Stack Overflow is a community of 4.7 million programmers, just like you, helping each other.

Join them; it only takes a minute:

Sign up
Join the Stack Overflow community to:
  1. Ask programming questions
  2. Answer and help your peers
  3. Get recognized for your expertise

I have two separate installs of WebSphere. (Actually one is WebSphere Application Server V6.1 with EJB 3.0 and Web Services feature packs, and the other server is WebSphere ESB Server V6.2). However, I know that ESB is really built on top of WAS, so it has all the configuration settings that a regualr WAS server has.

In my ESB server, I am trying to expose a service written as EJB 3.0 that will be deployed to the WAS 6.1 server. My question is not how to get EJB 2.1 calls to call into an EJB 3.0. We've done that already. My question is how to call across physical VM's. The WebSphere Application Server is running in its own cell/node/server from the ESB Server. From what I've read in IBM documentation, it is possible to set up a namespace binding on WAS to point to a remote EJB on another WAS instance. Thus you could use JNDI to lookup a bean on one WAS instance that really resides in another WAS instance. The beauty of this method is the location of the EJB you want is abstracted to the container level, and you don't have to drag around properties files of the IP addresses and ports that you need to access the bean should it change servers, etc. You just make a standard JNDI lookup to a remote EJB and you get it.

Sounds like it can be done. (See the following links: Especially follow the links on EJB and Indirect namespace bindings.

But I've been hitting my head against this for a while. It makes sense. It looks like it can be done. And the Indirect namespace binding looks the most promising. But I can't get it to work quite right. My ESB server keeps complaining about not finding comp/env/ejb in the context in which I am asking for it. Very puzzled by this one.

Just wondering if anybody has done this kind of thing before. Can you give me a concrete example of how you set this up in WAS to do so? Any help is appreciated

share|improve this question
up vote 3 down vote accepted

Well, I have since talked with IBM on how to do this and was surprised by their answer. They answered that if you are talking EJB to EJB within the same server or server cluster, then use EJB RMI via IIOP. With JNDI this abstracts where the bean is actually running (in a clustered environment).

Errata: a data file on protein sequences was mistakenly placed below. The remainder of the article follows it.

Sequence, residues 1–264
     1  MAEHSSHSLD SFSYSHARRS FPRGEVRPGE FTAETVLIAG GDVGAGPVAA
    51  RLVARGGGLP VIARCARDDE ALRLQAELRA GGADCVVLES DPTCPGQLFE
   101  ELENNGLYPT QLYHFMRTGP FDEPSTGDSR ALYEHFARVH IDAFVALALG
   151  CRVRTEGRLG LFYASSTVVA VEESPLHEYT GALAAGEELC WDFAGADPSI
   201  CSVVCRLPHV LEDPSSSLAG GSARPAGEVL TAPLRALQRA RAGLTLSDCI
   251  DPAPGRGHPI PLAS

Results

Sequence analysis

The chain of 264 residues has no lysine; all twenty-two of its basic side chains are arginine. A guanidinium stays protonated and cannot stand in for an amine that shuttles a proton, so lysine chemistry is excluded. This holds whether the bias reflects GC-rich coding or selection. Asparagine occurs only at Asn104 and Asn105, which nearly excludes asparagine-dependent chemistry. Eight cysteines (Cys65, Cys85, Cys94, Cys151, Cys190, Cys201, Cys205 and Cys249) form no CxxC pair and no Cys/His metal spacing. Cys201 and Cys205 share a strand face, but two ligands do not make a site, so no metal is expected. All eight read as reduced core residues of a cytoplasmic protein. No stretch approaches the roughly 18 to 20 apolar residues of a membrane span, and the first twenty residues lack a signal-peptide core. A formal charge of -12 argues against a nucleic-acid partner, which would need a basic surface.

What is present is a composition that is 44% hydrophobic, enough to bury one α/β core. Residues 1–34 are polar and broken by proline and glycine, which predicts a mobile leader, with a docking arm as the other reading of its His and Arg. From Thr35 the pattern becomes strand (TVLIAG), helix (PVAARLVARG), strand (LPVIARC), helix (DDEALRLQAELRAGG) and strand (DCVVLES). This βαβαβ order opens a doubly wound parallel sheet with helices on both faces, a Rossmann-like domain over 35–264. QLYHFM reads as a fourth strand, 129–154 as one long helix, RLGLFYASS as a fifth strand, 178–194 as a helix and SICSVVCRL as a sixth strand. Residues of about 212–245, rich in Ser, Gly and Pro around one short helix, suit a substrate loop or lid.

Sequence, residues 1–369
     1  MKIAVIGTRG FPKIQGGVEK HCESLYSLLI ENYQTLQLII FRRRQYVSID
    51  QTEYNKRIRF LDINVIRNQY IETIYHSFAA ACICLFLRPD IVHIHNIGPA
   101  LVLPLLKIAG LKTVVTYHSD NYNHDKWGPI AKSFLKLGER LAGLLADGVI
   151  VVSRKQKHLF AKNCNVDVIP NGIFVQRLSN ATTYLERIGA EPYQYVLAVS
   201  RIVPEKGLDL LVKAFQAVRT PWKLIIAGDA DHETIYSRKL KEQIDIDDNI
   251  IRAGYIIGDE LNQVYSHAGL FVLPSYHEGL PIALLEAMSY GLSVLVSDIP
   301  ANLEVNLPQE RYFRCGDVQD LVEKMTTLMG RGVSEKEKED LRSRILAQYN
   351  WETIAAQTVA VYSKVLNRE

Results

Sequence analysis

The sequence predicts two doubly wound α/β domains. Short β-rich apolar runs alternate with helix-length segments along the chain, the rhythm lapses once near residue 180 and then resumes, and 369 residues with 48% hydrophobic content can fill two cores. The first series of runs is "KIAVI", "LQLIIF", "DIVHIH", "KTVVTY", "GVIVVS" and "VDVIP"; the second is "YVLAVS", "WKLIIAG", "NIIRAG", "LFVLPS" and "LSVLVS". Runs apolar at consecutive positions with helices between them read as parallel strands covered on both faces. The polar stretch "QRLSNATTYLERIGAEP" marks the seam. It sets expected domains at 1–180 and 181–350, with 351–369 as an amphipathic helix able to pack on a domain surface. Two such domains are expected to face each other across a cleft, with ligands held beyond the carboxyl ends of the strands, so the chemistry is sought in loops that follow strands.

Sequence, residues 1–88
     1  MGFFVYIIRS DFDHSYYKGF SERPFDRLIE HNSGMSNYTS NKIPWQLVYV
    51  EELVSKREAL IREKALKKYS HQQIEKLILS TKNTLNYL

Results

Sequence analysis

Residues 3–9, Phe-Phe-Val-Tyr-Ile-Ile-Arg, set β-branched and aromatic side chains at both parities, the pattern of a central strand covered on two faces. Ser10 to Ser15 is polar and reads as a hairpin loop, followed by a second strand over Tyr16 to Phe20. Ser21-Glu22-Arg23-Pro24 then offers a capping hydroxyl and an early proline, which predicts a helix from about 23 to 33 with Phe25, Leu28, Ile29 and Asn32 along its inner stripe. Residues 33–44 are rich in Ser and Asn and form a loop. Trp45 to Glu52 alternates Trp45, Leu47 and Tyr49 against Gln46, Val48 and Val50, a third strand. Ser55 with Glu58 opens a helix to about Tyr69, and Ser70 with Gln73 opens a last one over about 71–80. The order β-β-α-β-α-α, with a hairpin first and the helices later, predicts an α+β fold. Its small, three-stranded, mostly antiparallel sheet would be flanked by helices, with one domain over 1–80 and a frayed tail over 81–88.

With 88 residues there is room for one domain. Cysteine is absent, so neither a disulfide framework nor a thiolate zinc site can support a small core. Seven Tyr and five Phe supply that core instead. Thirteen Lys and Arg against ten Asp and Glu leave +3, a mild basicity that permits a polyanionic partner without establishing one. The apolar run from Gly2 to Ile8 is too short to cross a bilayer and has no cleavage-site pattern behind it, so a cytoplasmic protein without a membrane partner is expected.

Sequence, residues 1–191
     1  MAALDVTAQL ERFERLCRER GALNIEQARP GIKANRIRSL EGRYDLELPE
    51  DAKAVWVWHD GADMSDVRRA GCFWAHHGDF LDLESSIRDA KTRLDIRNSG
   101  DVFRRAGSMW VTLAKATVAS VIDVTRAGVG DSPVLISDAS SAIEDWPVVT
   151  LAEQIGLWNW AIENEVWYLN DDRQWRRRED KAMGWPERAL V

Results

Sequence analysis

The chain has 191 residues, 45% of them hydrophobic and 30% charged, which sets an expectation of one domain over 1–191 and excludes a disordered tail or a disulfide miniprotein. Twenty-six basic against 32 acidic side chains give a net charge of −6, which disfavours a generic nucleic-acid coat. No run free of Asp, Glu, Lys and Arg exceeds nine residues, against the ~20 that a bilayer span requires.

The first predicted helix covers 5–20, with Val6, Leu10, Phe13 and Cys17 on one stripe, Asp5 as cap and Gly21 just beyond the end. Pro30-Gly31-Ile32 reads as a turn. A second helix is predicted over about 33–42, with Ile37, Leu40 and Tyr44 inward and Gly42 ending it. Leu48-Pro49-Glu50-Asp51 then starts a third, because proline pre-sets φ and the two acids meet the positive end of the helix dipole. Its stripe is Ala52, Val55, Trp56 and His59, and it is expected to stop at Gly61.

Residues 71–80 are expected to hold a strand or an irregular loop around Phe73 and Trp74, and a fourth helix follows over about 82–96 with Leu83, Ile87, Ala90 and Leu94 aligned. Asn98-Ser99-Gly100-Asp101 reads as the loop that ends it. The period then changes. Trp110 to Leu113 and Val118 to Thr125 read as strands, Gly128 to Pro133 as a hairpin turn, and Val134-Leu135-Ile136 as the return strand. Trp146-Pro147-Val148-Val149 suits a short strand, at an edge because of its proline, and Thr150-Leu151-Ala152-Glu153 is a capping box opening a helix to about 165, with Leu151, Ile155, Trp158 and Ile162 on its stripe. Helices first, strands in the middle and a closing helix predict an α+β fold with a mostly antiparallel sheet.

If you are going from one server (or server cluster) across into a different server (or server cluster) regardless of whether or not the target and source are in the same cell, IBM recommended that you use messaging or web services. They felt that was a better method of abstraction between applications to keep them from being "tied" to each other. They did say that you could get EJB's to talk RMI via CORBA, but said to do that ONLY if absolutely necessary. And of course, you would need to know the IP and port number for coming in over CORBA (and that times each cluster member if in a clustered environment).

Again, this kind of surprised me, but it does make sense. Just thought I'd share these thoughts with the world, especially if you are working with WebSphere.

share|improve this answer

how to lookup from tomcat

  1. use IBM JDK as runtime for tomcat
  2. find bootstab port , use iiop in PROVIDER_URL
share|improve this answer
IBM JDK is difficult to get now from what I see. The ones available from their website are outdated. And the updated ones that you can get come packaged with other products (like WebSphere Application Server), which begs the question...why purchase those products to get the IBM JDK if you are using Tomcat? Why not use WAS then? – Chris Aldrich Jun 9 '10 at 14:10

I was stuck with the same problem. After trying to include all the websphere and ibm orb jars found this article at ibm How to lookup an EJB and other Resources in WebSphere Application Server using a Oracle JDK client -

basically used the CNCtxFactory instead of WsnInitialContextFactory

Hashtable env = new Hashtable();
            env.put("java.naming.factory.initial", "com.sun.jndi.cosnaming.CNCtxFactory");
            env.put("java.naming.provider.url", iioppath);
share|improve this answer
Not quite what I'm after. I'm running in container for both (ie, in WebSphere). I would like to cross instances of WebSphere. But here's the catch -- I'd like to not to have to know the cell, node, and server names cause these could change per environment. Hence why I'd like to lookup an EJB on server 2, as it if it was local to server 1. From the links above in my question, it looks possible. Just wondering if it is. – Chris Aldrich Oct 5 '11 at 12:54

Your Answer


By posting your answer, you agree to the privacy policy and terms of service.

Not the answer you're looking for? Browse other questions tagged or ask your own question.